ROOF GARDENS 1 - SPIRITUALITY

As a true urbanite, roof gardens are a subject close to my heart. 
Here is the first of (what I envision to be) many posts on this subject matter.




 Illustration of ziggurat


The ancient history of aerial gardens began around 4000 B.C. as large temples were being built in Mesopotamian towns on top of mud-brick platforms. Over hundreds of years the temples were rebuilt on the remains of previous buildings, thus the platform grew in size.  As these “ziggurats” evolved in structure, multiple stepped stages were added and stairways spiraled up them on the outer edges. On each level of the ziggurat there was a terrace covered in baked brick. According to British archeologist Sir Leonard Wooley, “at landings on these stepped towers, plantings of trees and shrubs on flat terraces softened the climb and provided relief from the blazing heat of Babylonia.”  The most well known of these is the ziggurat of Nanna in the ancient city of Ur and  “Etemenanki”,  which translated from Sumerian is “house on the foundation of heaven on earth”.  As modern students of history and the bible may be aware of, “Etemenanki” is more commonly referred to as “the Tower-of-Babel.”


 Brueghel, Peter,  The Tower-of-Babel

One of the original seven wonders of the world, the Hanging Gardens of Babylon were created from emotional and spiritual reasoning. …built by Nebuchadnezzar around 600 B.C.E.  He built it to please his homesick wife, Amyitis, who was from distant Media. Amyitis found the flat and sun-baked environment of Mesopotamia depressing.  She longed for the trees, meadows and fragrant plants of her homeland.  Nebuchadnezzar, in the hope of appeasing her, decided to build a “recreated homeland” -- an artificial mountain with rooftop gardens (above grade), an “evolved ziggurat”.



(top) Hanging Gardens- Assyrian interpretation (bottom) Hanging Gardens ©Briwn Brothers

The Greek geographer Strabo, described the gardens in 1 BCE as “consisting of vaulted terraces raised above one another and resting on cube-shaped pillars.  These were hollow and filled with earth to allow trees of the largest sizes to be planted.”   Diodorus Siculus, a Greek historian of the same era believed “ the garden was 100 feet square and built up in tiers so that it resembled a theatre.  Vaults had been constructed under the ascending terraces which carried the entire weight of the planted garden… the highest gallery contained conduits for the water which was raised by pumps in great abundance from the Euphrates River.”2 Though historians question  the existence of these roof gardens  (although except in 1899 archeologist Robert Koldewey believed he had discovered the site at which it was created in southern Iraq near modern day Baghdad), one can conclude by the survival of this oral history that if the Hanging Gardens of Babylon were a myth, ancient civilizations still conceived of this concept and dreamed of creating this oasis.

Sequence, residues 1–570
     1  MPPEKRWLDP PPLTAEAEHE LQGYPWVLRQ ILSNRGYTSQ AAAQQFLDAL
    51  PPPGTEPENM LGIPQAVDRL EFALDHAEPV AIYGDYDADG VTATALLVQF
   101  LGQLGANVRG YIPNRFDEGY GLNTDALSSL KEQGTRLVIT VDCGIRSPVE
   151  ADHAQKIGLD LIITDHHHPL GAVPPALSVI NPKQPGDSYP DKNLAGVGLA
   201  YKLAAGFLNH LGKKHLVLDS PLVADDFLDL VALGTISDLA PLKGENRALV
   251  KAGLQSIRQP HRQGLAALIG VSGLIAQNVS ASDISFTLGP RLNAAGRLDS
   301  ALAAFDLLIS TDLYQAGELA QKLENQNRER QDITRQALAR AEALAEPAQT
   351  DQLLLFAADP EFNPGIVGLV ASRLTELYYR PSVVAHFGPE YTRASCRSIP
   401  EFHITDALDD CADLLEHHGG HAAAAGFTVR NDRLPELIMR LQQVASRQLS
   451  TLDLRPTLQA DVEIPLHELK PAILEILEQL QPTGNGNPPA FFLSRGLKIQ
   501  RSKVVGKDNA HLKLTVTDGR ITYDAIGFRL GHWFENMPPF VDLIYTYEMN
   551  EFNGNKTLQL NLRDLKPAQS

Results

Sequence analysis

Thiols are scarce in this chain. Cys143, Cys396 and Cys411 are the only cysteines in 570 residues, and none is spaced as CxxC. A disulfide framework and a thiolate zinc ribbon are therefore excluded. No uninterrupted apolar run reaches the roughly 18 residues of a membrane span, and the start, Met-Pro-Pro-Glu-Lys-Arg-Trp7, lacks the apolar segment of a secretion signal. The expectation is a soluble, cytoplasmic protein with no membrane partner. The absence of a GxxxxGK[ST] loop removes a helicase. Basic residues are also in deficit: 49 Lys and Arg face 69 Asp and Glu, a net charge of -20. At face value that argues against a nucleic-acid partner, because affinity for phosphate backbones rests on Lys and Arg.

Even today there is an innate feeling, an awareness that harkens from the same inner place and thoughts of the ancient Mesopotamians and Incan civilizations of creating a sanctuary at a higher elevation, rising above the rest of the world to a place closer to the sun and the heavens.

Many urban gardens can be inward looking, almost “cloister-ish”.  A garden in the rear of an urban brownstone is no doubt a cherished piece of property.  An oasis surrounded by fifty-foot high buildings is inward looking, reminiscent of the enclosed garden of the Middle Ages.  But, look aloft, to the top of the buildings… the roof garden is outward looking, a sanctuary high up on top of a building, sometimes with an endless panorama, a bright, beautiful, and open sky above it.  Most appropriately, it fits today’s city dweller with their overscheduled, time challenged lives.  For many, traveling to a city park takes a 1/2 hour or longer to embrace nature; walking up a flight of stairs or out their side door to a shared or private roof garden is but seconds away and “immediately gratifying.” A place to look at and admire the blue skies at day and heavens at night. It is a place to relax and re-energize, a place to reflect and even to pray. We enjoy company and serve them meals below the heavens; we even light candles and torches for ambiance at dusk.  How different is this than the Mesopotamian ziggurat, perhaps the first roof garden and cosmic axis?
Maybe the roof garden is a holy place.  Maybe it hasn’t changed much--its essence is arguably the same as it was 6,000 years ago.  People escalated themselves, or surrounded themselves on this (mostly) raised platform to reach another plateau, physically higher and spiritually greater.  One could argue that there isn’t any difference between the priests of Ur in Mesopotamia ascending the ziggurat to its apexical temple and the urban dweller that uses his/her roof garden to unwind and meditate.  Roof gardens can be intensely private spaces, essentially... sanctuaries.  



Frederick Law Olmstead is paraphrased by historian Elizabeth Rogers that the “creation of scenery evokes a poetic mood lifting one out of everyday care and ennobling the spirit with intimations of the divine.”

Gardens are an ethereal world – they should be calming spaces and transport you to another state of mind...



“Let me recommend
What to do
When your heart is heavy or blue.
Get to steppin.’
Climb those stairs
To that ballroom in the air.
Does anyone wanna go
waltzing in the garden?
Does anyone wanna go dance up on the roof?”

  -  Al Jarreau, Larry Williams, Andrew Ford, “Roof Garden”, Reprise Records ©1981